Seven of the nine companies—GVK (Govindwal Sahib), Visa Power, Tata Power, SKS Ispat Power, Prakash Industries, Vandana Vidyut Energy and Bharat Aluminium—did not respond to emailed queries from Mint. No email address could be obtained for Gagan Sponge Iron and Green Infrastructure. A physical verification, too, drew a blank. In the case of Gagan Sponge Iron, security guards on location denied the existence of any such company.
The said location housed Jindal Intellicom Centre, an OP Jindal Group company. In an email reply, an executive at Jindal Intellicom said: “Gagan Sponge Iron Pvt. Ltd is not a name I am familiar with. As an answer to your question, Intellicom Contact Centers is not associated with a company by that name.”
In the case of Green Infrastructure (GIPL), the address did not house the company. Mint was directed to the office of Athena Consultancy, inthe same building in Delhi’s posh Sujan Singh Park area. Athena Consultancy claims to be a consultant to GIPL.
An official at Athena Consultancy introduced Mint to one Ashok Bohra, identifying him as the vice-president of GIPL. However, Bohra declined to comment and clarified that he was only a deputy manager at GIPL. Bohra asked Mint to contact T.V. Krishna and identified him as the managing director of GIPL. However, Krishna, when contacted, denied that he was the managing director of GIPL and claimed he was only a director on the board of Athena Chhattisgarh Power Pvt. Ltd (ACPPL), the company that would actually make use of the coal block allocated to GIPL. According to him, GIPL was only the holding company.
It is unclear whether CEA or the ministries of power and coal are aware of this complex arrangement. Rights awarded to the companies in this case are for captive power generation and cannot be sold or transferred to others.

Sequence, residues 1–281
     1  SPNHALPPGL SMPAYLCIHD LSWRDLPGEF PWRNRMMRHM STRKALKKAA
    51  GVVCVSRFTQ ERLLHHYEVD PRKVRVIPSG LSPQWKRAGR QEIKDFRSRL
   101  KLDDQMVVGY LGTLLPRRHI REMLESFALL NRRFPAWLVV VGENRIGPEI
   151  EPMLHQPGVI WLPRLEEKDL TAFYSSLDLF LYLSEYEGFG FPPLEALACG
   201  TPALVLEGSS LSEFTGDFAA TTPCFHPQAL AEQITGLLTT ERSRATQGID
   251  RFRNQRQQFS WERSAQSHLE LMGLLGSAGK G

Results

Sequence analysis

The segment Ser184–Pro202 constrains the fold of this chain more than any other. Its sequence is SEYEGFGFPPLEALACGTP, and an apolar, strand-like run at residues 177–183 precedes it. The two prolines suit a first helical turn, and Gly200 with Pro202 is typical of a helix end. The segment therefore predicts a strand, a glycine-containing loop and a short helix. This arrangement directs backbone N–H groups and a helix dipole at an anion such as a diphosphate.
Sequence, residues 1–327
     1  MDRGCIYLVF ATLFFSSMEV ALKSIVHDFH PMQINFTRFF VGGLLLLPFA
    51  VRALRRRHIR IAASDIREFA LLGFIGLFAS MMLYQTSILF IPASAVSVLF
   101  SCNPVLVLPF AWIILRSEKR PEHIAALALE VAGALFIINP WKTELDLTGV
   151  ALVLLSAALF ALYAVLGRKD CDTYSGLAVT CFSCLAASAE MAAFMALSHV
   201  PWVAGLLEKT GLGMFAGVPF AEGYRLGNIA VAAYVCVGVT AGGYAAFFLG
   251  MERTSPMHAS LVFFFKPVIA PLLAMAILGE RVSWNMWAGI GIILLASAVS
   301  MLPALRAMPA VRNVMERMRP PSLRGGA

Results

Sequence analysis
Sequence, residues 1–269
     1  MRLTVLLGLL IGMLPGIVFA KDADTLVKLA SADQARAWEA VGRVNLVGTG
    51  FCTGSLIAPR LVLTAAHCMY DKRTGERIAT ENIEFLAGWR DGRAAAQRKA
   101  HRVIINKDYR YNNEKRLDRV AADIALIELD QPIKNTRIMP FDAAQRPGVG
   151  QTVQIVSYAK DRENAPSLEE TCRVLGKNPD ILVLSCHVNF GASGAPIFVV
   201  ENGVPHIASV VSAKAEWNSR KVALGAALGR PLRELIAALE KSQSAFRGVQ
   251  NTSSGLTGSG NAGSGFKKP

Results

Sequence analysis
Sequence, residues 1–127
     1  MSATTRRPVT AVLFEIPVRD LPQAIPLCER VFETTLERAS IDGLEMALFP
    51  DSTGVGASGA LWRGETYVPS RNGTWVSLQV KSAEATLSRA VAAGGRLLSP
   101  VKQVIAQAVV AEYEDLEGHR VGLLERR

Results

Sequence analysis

“A holding company can get the coal mined by another company if the holding company has at least 26% stake in the mining company. However, the power generation must be for the same project for which the coal was granted,” said Dipu of consultant PricewaterhouseCoopers.
Krishna confirmed that there was no Web or email address for GIPL or ACPPL and explained this by saying “GIPL is only the holding company...and ACPPL is only a special purpose vehicle.” A special purpose vehicle is a company set up for a specific purpose or project.
Krishna also said the land acquisition for the project was not yet complete but denied any knowledge of the shortlisting process.
“Land acquisition is an ongoing activity. We were asked for some information for verification purposes by the concerned state governments but we are unaware of any short-list,” said Krishna.
PricewaterhouseCooper’s Dipu said: “It is true that the recommendations of the screening committee are entirely subjective. However, the fact that there are many parties involved in the decision-making, lends credibility to the otherwise subjective process. Although, it cannot be denied that a big enough player can influence all the decision makers.”
Abani Roy, a Rajya Sabha member belonging to the Revolutionary Socialist Party, a constituent of the four-party Left Front that supports the government, says he had written to Prime Minister Singh in September urging him to ensure that only “deserving companies” were allotted coal blocks.
“There is no response except that the letter has been received. And, there is no follow-up either,” Roy added.
udit.m@livemint.com
Ashish Sharma contributed to this story.
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First Published: Tue, Mar 18 2008. 12 45 AM IST